Cristofano Paolo Galli created a series of 12 octagonal etchings depicting landscapes invented by Cantagallina1. A number of octagonal drawings by Cantagallina and/or Galli served as model for the etchings. Three of these drawings are not signed (two belong to our collection and one has been sold at auction2) while other two, now in the British Museum, carry Galli's signature. Galli etched another series of landscape prints invented by Cantagallina. Two members of the series are known to us: one is in our collection and the other (dated 1624) is in the Bertarelli's print collection in Milan.

1K.H. von Heinecken, 1778-1790, III, p.569; 2Sale Swan, 24/Jan/2005, lot 62.

Cantagallina dedicated 14 landscape etchings to the marquis Cerbone Borbone del Monte di Santa Maria1. Malaspina mentions a series 15 etchings2. A landscape drawing in our collection shows stilistic and size similarities to these series but does not match any of the 14 etchings known to us.

1G. Gori Gandellini, 1771, ed. 1808-1816, I, p.173; 2L. Malaspina di Sannazzaro, 1824, p.248.

Dated drawings: "The village square" (Art Museum-Princeton University, USA).

The last dated etching by Cantagallina represents a landscape with travelers1. An etching similar in subject, dimensions and style is at the Civic Museum of Sansepolcro and carries Cantagallina initials and the inscription "M. Pietro Antonio Lunati 1635".

1C. Le Blanc, 1854-1889, p.581.

Dated drawings: "Woody landscape with bridges flanking rocks, two women talking" (Louvre Museum, Paris), "Farm" (Uffizi Gallery, Florence).

Dated drawings: "Landscape" (Uffizi Gallery, Florence).

Dated drawings: "Farm" (Uffizi Gallery, Florence).

The last dated work by Cantagallina is a drawing in the Uffizi Gallery, Florence, previously attributed to Giulio Parigi1. Another drawing by Cantagallina in the Louvre Museum, Paris, shows St. Peter's square in Rome with the arms of Alessandro VII, elected pope in 16552.

1M. Chiarini, 1973, p.35; 2F. Viatte and C. Monbeig Goguel, 1981, p.116.

Negro Spina attributed a series of 12 undated and unsigned landscape etchings to Cantagallina1,2. Nevertheless, they lack his fluid touch and might be the work of a follower.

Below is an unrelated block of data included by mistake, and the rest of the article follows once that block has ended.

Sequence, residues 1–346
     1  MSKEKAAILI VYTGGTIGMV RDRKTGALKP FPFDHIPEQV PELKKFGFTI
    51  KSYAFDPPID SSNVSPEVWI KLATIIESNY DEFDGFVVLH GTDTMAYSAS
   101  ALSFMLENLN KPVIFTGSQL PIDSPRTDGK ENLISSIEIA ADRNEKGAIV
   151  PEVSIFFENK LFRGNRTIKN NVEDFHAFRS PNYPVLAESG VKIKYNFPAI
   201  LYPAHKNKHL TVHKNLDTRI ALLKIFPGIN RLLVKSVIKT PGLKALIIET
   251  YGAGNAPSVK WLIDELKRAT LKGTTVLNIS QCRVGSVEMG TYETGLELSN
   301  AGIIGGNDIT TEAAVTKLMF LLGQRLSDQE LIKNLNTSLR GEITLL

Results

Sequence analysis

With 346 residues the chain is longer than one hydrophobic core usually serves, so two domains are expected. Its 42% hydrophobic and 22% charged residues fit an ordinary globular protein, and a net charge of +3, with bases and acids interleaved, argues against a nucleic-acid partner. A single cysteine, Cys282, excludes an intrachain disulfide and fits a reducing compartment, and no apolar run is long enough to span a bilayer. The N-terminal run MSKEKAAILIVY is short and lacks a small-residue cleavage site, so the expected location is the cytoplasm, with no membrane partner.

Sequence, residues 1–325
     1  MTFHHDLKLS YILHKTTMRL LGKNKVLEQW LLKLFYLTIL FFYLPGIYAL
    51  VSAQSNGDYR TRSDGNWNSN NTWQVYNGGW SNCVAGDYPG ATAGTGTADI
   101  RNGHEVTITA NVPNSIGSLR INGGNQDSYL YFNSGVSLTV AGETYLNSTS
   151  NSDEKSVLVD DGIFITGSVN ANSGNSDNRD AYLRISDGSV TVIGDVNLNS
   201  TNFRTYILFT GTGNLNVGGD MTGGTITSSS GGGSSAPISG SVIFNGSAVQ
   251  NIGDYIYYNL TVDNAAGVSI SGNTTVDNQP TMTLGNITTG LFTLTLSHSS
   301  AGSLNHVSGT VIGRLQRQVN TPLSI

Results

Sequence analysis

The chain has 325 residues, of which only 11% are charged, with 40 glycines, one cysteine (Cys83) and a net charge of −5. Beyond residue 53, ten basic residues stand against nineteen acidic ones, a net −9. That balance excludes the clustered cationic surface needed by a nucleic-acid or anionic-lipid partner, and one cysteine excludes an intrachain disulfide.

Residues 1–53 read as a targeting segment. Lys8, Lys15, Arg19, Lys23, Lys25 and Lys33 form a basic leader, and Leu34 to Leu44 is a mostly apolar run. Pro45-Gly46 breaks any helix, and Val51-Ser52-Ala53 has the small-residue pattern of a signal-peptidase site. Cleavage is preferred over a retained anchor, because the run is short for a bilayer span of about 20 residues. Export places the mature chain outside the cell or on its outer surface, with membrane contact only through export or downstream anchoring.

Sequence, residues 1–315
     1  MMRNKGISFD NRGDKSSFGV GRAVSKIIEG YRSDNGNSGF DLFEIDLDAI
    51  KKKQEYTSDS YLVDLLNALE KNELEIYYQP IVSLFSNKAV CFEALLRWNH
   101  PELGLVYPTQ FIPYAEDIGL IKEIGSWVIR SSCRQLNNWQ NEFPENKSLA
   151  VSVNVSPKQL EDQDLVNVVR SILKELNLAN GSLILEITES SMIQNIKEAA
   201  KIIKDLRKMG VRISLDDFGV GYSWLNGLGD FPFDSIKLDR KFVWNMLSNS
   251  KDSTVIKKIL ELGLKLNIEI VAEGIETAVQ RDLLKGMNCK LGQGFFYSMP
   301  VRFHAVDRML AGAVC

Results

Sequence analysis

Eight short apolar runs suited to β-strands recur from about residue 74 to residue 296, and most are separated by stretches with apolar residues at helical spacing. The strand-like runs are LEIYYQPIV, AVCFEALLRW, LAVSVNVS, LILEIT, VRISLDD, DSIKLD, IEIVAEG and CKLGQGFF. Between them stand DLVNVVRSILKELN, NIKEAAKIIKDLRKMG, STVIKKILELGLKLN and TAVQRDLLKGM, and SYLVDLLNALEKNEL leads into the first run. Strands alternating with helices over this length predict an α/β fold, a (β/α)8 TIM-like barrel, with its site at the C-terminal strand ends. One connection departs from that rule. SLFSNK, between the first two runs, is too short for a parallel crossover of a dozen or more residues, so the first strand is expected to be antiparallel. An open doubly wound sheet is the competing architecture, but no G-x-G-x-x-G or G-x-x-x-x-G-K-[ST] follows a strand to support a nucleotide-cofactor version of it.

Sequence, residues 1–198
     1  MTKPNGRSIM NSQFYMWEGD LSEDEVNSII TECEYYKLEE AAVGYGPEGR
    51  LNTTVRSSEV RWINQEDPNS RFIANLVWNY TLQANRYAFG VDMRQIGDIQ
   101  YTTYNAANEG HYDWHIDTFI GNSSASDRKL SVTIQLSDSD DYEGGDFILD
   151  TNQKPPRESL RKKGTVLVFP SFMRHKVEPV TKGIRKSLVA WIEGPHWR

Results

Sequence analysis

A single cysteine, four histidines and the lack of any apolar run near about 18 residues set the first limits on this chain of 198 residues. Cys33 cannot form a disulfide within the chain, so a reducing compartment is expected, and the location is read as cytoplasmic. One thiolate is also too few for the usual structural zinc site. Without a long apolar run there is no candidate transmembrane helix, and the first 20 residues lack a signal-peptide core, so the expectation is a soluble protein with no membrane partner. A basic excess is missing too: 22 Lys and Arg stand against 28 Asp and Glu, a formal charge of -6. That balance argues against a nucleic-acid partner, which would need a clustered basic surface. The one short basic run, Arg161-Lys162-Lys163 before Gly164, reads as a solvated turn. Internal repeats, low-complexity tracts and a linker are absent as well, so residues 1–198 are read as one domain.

1A. Bartsch, 1803-1821, XX, nn.1-12; 2A. Negro Spina, 1984, pp.403-411.

-Filippo Baldinucci, Notizie de' professori del disegno da Cimabue in qua, Florence, 1681-1728.
-Giovanni Gori Gandellini, Notizie istoriche degli intagliatori, Siena, 1771.
-Karl H. von Heinecken, Idee generale d'une collection complete d'Estames. Avec une dissertation sur l'origine de la Gravure et sur les premiers Livres d'images, Leipzig and Vienna, 1771.
-Karl H. von Heinecken, Dictionnaire des artistes dont nous avons les estampes, avec une notice detaillede leurs ouvrages graves, Leipzig, 1778-1790.
-Adam Bartsch, Le Peintre graveur, Vienna, 1803-1821.
-Luigi Malaspina di Sannazzaro, Catalogo di una Raccolta di Stampe antiche compilato dal suo stesso possessore, Marchese Malaspina di Sannazzaro, Milan, 1824.
-Charles Le Blanc, Manuel de l'amateur d'estampes, Paris, 1854-1889.
-Georg K. Nagler, Die Monogrammisten, Munich, 1858-1879.
-Odoardo H. Giglioli, Sansepolcro, Florence, 1921.
-Hippolyte Fierens Gevaert, Voyage inedit d'un artiste florentin du XVII siecle, in "Le Flambeau", Brussels, 1923.
-Antony De Witt, Incisione italiana, Milan, 1941.
-Alfredo Petrucci, Gli incisori dal Sec. XV al Sec. XIX. L'opera del genio Italiano all'estero,Rome, 1958.
-Giovanna Gaeta Bertela', Annamaria Petrioli Tofani, Feste e apparati medicei da Cosimo I a Cosimo II, Mostra di disegni e incisioni, Florence, 1969.
-Marco Chiarini, Mostra di disegni italiani di paesaggio del Seicento e del Settecento, Florence, 1973.
-Marco Chiarini, Cantagallina Remigio, in Dizionario biografico degli italiani, XVIII, Rome, 1975.
-Christel Thiem, Florentiner Zeichner des Fruhbarock, Munich, 1977.
-Francoise Viatte and Catherine Monbeig Goguel, Dessins baroques florentins du Musee du Louvre, Paris, 1981.
-Annamaria Negro Spina, Giulio Parigi e gli incisori della sua cerchia, Naples, 1983.
-Annamaria Negro Spina, Le incisioni di paesaggio di Remigio Cantagallina, in Studi di storia dell'arte in memoria di Mario Rotili, Naples, 1984.
-Carla Hendriks, Northern Landscapes on Roman Walls-The Frescoes of Matthijs and Paul Bril, Florence, 2003.
-Sale Swann, New York, 24/Jan/2005.

Additional bibliography
-Marco Charini, I disegni italiani di paesaggio dal 1600 al 1750, Treviso, 1972.
-Arthur Blumenthal, Theatre Art of the Medici, Dartmouth, 1980.
-Arthur Blumenthal, Giulio Parigi's Stage Designs: Florence and the Early Baroque Spectacle, PhD, New York University, 1984.
-Alessandra Baroni, A scuola d’incisione da Giulio Parigi: Cantagallina e altri, in "Paragone", 84-85, pp. 88-93, 2009.